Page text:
Contributed by Guest Blogger Rick Sellano

We sometimes say a person “either lives to eat or eats to live,” suggesting that our relationship with food requires a tradeoff.  The terrific nature of aquaponics is that producing nourishment can have its roots in synergy and efficiency. To learn more, attend the aquaponics education class at Morris Arboretum on April 22. We’re looking forward to meeting Nicholas Renner that day and hearing him explore the topic. Renner is one of the leading and local experts on aquaponics. As founder of Integrated Symbiotics, a sustainable engineering company focused on agricultural technology, Renner works to promote awareness, education and businesses that solve environmental problems.

The origins of aquaponics are rich with history and date back to the Aztec culture and groups in ancient South China, Thailand and Indonesia. The methodology combines aquaculture (raising freshwater fish) with hydroponics (soilless agriculture) in one symbiotic environment. This is a fascinating and effective form of agriculture that can be used in otherwise nonproductive areas. Moreover, it saves 90% more water than conventional gardening does. These systems work by recirculating fish waste through grow bed systems, with bacteria converting fish waste into nitrates, which the plants use to grow. Clean water is then recirculated back to the aquaculture system.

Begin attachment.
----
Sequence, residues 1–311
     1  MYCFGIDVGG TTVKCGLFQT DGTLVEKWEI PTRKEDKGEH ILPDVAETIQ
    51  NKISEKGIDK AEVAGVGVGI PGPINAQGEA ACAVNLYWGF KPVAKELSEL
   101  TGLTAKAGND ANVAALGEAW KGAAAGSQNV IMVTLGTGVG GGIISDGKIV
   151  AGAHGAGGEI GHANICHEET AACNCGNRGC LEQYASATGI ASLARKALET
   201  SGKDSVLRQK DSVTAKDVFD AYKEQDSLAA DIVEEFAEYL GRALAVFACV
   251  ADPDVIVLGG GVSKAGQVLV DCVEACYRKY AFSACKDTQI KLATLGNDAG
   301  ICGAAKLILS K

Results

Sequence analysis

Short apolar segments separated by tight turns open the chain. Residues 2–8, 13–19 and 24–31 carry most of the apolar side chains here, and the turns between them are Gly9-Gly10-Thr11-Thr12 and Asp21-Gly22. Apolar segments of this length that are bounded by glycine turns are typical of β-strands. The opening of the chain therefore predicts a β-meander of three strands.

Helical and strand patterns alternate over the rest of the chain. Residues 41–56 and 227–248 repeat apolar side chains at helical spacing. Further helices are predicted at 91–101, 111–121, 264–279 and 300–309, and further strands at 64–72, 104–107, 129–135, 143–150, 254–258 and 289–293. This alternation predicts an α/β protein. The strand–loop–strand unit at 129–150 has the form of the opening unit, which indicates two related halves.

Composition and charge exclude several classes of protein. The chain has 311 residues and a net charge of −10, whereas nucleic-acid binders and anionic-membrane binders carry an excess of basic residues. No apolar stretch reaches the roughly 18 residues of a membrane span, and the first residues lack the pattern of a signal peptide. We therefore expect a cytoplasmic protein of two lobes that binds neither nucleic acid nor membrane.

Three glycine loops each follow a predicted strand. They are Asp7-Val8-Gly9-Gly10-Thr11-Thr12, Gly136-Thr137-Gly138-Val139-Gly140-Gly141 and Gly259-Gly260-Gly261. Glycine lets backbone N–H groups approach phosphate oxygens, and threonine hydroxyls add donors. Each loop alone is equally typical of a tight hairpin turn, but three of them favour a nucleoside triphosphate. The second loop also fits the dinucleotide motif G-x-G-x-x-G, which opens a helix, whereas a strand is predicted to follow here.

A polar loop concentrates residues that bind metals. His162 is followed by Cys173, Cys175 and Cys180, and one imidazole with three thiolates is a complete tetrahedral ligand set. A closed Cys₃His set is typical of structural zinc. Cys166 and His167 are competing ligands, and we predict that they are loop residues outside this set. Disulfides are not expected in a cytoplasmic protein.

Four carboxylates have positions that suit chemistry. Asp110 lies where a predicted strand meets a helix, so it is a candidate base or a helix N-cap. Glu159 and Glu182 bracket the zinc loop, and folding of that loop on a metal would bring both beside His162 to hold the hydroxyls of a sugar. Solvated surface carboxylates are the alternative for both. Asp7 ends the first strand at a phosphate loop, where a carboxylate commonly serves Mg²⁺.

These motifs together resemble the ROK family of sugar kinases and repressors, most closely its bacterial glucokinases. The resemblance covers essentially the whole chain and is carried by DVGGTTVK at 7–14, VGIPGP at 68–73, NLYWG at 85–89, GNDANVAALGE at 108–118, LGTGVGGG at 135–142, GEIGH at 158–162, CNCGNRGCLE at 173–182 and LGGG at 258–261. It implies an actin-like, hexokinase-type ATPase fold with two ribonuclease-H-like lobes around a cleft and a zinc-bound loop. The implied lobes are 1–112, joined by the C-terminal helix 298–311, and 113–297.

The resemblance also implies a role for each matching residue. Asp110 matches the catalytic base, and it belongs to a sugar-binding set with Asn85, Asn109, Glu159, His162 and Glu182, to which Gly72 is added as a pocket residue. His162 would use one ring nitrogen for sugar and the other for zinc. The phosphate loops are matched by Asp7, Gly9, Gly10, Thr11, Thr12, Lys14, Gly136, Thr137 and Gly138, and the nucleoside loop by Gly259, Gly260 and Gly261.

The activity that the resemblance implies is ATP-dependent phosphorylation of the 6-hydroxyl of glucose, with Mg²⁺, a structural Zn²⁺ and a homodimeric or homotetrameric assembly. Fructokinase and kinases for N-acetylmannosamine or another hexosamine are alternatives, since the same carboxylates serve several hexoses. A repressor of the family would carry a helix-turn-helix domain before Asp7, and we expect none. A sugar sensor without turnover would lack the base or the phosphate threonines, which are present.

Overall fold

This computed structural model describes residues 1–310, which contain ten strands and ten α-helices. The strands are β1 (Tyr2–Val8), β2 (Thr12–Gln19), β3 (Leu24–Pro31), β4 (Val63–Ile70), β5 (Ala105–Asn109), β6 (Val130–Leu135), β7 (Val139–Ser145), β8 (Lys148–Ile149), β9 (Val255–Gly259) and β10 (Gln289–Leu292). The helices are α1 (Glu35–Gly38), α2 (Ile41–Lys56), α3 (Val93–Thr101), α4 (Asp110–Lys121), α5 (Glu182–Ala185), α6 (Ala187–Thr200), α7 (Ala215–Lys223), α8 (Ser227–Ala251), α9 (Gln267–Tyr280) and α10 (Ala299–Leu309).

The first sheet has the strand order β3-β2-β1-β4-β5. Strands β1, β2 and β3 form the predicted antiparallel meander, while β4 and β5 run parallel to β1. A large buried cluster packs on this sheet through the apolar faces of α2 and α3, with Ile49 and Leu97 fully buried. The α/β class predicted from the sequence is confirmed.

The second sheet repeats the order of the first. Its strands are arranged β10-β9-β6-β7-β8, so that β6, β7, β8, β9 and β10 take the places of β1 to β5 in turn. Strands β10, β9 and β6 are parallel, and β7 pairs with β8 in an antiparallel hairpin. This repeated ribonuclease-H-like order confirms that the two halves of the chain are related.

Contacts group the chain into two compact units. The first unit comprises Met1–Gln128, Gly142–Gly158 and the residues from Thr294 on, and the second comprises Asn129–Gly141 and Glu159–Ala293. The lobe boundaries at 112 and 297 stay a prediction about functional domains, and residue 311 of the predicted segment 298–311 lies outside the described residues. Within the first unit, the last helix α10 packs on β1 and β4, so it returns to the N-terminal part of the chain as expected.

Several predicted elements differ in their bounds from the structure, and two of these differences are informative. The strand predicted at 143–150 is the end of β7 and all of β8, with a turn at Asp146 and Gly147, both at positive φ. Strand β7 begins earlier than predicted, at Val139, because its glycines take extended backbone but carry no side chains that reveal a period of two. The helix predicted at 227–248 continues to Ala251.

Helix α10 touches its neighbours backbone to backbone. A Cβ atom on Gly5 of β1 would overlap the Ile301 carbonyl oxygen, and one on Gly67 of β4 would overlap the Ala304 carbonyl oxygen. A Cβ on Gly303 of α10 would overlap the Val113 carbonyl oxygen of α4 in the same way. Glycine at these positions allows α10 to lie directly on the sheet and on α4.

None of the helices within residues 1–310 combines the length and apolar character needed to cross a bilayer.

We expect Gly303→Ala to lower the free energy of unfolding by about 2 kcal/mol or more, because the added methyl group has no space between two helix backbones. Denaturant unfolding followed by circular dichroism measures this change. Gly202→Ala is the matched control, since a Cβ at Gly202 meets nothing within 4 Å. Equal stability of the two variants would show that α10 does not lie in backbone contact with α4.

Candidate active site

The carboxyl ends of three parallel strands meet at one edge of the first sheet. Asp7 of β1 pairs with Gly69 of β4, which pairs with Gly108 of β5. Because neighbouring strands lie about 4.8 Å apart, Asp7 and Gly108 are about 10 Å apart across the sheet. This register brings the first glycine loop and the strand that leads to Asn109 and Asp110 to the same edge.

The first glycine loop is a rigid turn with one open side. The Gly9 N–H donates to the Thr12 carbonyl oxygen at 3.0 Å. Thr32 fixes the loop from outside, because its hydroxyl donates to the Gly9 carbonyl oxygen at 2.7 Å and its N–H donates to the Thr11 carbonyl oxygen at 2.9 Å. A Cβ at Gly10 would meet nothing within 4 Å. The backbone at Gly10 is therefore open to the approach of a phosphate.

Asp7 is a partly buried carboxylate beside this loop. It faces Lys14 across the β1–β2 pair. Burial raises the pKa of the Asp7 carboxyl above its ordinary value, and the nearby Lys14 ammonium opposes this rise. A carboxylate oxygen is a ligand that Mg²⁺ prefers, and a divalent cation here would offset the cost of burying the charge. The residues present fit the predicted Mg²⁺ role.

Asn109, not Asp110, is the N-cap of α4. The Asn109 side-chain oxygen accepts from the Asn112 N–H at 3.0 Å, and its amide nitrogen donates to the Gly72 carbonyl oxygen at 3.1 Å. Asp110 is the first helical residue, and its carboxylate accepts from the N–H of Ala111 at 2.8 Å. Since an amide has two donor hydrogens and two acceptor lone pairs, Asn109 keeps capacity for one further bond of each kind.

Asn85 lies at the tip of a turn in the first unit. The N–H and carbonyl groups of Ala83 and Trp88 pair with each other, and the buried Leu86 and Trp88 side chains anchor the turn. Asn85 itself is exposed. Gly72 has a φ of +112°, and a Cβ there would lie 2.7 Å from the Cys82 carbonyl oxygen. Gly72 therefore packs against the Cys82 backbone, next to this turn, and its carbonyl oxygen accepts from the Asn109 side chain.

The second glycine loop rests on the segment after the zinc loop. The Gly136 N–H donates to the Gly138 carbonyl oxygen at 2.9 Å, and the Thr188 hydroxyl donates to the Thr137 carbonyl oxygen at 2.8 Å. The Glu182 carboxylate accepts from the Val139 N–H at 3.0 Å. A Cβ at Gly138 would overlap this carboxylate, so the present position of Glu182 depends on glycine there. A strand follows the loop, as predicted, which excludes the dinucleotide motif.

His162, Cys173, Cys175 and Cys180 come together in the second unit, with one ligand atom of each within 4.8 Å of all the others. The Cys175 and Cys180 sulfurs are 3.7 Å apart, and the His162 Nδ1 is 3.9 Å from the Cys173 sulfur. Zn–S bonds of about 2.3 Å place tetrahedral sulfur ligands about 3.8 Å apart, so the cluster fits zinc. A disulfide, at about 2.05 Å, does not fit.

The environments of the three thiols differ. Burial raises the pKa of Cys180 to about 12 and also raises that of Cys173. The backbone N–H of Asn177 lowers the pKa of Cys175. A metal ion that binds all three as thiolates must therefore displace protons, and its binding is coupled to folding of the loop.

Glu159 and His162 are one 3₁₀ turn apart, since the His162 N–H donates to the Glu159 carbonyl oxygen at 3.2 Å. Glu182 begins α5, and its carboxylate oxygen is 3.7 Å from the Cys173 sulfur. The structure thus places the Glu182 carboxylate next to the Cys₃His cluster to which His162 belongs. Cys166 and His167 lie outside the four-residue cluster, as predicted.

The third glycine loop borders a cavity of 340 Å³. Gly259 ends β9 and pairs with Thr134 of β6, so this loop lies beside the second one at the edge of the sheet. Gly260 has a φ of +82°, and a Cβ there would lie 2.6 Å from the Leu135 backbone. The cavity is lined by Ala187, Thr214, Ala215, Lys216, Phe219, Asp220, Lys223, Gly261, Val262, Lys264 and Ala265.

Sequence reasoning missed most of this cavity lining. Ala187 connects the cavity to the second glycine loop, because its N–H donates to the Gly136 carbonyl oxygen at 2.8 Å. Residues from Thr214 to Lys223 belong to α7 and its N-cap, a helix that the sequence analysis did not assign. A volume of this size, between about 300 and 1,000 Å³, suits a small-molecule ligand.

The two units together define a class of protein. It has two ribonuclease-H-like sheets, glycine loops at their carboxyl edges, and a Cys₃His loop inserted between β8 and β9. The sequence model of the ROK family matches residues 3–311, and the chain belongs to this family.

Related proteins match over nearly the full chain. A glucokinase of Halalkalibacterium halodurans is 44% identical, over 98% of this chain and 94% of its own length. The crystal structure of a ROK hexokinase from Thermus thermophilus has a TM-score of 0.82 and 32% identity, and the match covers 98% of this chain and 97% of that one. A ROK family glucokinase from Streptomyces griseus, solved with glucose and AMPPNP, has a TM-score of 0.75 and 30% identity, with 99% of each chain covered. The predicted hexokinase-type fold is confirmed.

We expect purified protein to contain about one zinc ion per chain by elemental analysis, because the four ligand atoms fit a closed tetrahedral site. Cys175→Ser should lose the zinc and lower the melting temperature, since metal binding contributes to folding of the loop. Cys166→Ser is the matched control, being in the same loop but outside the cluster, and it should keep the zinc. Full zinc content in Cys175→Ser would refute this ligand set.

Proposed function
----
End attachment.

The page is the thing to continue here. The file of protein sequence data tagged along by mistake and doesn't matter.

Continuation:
There’s no doubt that the shape of food production is changing. Some say it should change more quickly. With sustainability, nutrition and the environment, there’s no end to potential discussion and debate. Growing food can be challenging. Still, it's rewarding—even on the smallest scale.

If we take seriously the idea that “we are what we eat,” we can never know too much about food. Renner believes that “the power of food should be transferred from large corporations to the consumer.” He strongly feels that “reducing steps in the supply chain would not only save energy resources but also produce a smarter consumer who holds knowledge of what they are consuming.”

The good news is that food-to-table awareness is gaining traction, owing to a heightened interest in table fare and preparing it. As for aquaponics, the synergy inherent in the system lets its users conserve resources while creating nourishment. In other words, it allows us to have our cake and eat it too.

Please attend! Register now.